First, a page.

Hi, to make the coils buzz I turn the key on but then have to wiggle it some. How do I make the key switch reliable for turning the coils on?
Ignacio, take the switch apart and clean and inspect all the contacts. Rub the back on a piece of sand paper until the little dimples are shiny and put it back together if everything is in good shape.
I would add that the contacts are "spring loaded" so if necessary you may need to bend them just "a little more" to increase the spring tension a little ... not much, just a little ... one more thing a good cleaned up and rebuilt original key switch is far superior to the repros. The repros do not have a good "spring grade" of contacts and they lose their tension after just a little use...
If things are real bad when you get it apart you can order one of these
It is a clip type. The masonite(?) material inside is crumbly. Also my #53 key falls out of the switch very easily which is vexing. Is there a fix for the key falling out of the switch?
Ben Martin is a well known "go to" guy for Model T Ford key switch rebuilt. He does very nice work. You can contact Ben's cell phone at 404-789-6350. He is not a computer person.
Post a switch wanted ad in the classified. There are a lot of 24 type switch assemblies around. If you are choosy you might say you want the pin type.
Check ebay also.
This will probably get frowned upon but you can also bypass the Ford switch to a secondary switch wired in parallel with it. I suppose you could also just hot wire the thing easily enough as a temporary solution too.
Tim E, Ignacio V, et al,
The primary reason that wiring a secondary/bypass switch in a model T is frowned upon, is that if a model T has its original type timer/coils ignition? They have a dual source power. The magneto operates on AC current, and the "Bat" should be connected to a Battery which is DC current. If, in any way, the two get cross wired together, that DC current on a running engine will wipe out the magneto (don't go crazy if it happens, it can be repaired/recharged). Even if the engine is not running, if the two (in any way, accidental or otherwise) cross wire together, there is a fair random chance that the phase of the battery will be wrong and may wipe out the magneto's charge.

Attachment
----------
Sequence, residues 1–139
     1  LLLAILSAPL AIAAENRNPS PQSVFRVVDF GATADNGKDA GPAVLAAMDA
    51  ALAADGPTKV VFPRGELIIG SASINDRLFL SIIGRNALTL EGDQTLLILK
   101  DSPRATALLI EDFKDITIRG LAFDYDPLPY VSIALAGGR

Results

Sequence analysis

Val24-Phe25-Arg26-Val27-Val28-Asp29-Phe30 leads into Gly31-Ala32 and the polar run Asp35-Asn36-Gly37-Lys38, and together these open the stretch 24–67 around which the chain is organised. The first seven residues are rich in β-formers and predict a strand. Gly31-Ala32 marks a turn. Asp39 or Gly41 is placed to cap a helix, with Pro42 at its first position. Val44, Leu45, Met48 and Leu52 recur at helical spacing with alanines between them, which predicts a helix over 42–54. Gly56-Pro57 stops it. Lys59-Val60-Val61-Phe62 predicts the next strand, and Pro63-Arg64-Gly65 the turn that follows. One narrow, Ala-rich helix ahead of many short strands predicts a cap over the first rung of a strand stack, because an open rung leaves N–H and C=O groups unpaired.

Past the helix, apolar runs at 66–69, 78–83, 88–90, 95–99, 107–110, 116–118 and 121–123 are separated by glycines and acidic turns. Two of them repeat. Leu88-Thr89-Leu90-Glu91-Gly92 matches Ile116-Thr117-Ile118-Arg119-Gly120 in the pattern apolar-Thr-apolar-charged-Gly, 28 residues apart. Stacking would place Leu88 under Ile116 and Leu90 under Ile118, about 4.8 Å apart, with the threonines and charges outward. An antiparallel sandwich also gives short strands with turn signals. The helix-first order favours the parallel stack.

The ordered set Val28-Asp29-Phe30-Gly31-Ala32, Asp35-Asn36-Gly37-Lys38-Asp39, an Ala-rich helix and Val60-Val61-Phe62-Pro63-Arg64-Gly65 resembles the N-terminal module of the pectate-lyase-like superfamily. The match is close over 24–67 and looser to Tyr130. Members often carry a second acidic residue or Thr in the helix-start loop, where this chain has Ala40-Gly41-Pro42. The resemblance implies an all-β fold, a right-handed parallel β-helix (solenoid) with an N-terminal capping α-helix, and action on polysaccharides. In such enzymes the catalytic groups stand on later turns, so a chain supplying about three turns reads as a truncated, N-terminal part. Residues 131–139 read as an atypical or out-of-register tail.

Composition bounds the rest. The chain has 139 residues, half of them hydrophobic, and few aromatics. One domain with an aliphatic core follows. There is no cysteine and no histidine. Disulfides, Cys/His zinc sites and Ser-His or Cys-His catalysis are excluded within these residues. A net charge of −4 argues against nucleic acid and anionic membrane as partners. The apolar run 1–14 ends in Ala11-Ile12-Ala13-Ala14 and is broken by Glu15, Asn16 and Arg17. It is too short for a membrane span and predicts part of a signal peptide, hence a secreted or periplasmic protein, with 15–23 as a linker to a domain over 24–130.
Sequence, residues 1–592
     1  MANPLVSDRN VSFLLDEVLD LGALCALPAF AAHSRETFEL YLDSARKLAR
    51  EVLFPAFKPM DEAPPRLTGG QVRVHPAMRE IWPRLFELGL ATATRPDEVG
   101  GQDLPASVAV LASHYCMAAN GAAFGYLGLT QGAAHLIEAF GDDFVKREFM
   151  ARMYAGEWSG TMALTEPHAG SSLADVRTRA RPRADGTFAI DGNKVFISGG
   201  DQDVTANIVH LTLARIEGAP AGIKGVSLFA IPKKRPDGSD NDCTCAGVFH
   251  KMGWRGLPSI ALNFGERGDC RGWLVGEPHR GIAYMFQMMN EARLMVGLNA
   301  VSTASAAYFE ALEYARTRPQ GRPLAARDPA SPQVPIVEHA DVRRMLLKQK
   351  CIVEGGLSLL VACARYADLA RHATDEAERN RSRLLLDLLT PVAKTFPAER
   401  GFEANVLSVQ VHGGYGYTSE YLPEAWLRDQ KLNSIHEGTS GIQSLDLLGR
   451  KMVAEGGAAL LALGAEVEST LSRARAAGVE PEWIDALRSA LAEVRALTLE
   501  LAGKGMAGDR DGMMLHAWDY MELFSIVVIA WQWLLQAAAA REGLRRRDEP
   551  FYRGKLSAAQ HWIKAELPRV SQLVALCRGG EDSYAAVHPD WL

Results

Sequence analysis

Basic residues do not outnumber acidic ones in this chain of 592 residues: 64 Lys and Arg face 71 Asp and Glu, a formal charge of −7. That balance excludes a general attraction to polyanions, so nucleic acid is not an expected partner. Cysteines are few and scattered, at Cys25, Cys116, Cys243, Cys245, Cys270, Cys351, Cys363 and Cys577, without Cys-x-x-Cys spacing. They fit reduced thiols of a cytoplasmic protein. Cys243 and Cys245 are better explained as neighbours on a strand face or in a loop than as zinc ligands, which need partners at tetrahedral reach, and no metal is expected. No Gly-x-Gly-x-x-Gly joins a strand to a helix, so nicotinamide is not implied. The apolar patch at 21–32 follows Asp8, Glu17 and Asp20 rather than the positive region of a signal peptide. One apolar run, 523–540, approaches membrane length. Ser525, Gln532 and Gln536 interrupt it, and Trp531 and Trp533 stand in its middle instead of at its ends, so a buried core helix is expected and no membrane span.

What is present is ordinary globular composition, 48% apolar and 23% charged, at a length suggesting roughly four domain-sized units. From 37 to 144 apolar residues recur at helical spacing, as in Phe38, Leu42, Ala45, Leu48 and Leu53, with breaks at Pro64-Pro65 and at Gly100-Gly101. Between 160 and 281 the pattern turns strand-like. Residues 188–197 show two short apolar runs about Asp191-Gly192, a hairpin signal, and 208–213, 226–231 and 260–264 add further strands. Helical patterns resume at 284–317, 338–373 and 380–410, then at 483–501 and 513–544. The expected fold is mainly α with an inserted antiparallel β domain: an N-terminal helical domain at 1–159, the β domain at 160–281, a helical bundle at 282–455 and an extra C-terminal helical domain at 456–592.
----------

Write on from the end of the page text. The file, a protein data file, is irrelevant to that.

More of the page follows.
Bypass switching can be done. But extreme care needs to be taken to not accidentally discharge the magnets.
Drive carefully, and enjoy, W2
Go to the Langs website and purchase the ignition switch clip type repair kit that G.C. Cheshire has in his post.
They work just fine and will last as long as you have your T.
I am thinking of bending the tabs back on with a channel lock, is that the way or is there another way?
So one of the contacts was slightly lower than the other, I bent it up and put it back together. I have a large needle nose plier and bent the tabs back on. Seems to work great now! I ordered the replacement anyway though.
You probably fixed it. They are pretty easy to repair. Just carefully bend the tabs back just enough to remove the parts. It doesn't take much.
I've had one of mine rebuilt and it didn't work any better than the replacement kits you can buy.
The guy did a good job using good original parts but I could have saved money if I had bought the replacement kit as I had done in another T.
I need to work on my switch some day. With the car running, if I turn on the headlights, the engine shuts off.
I took the switch out to look at it, turns out I have the pin type. I bought a replacement from one of the vendors, but I haven't installed it because I can't push the back of the old switch assembly in far enough to get the pins to rotate!
Since I don't drive at night or in bad weather, I've just been living with my old switch as is.
I got one apart that had the same issue. Sprayed it with some WD-40 and I rotated it to get it out.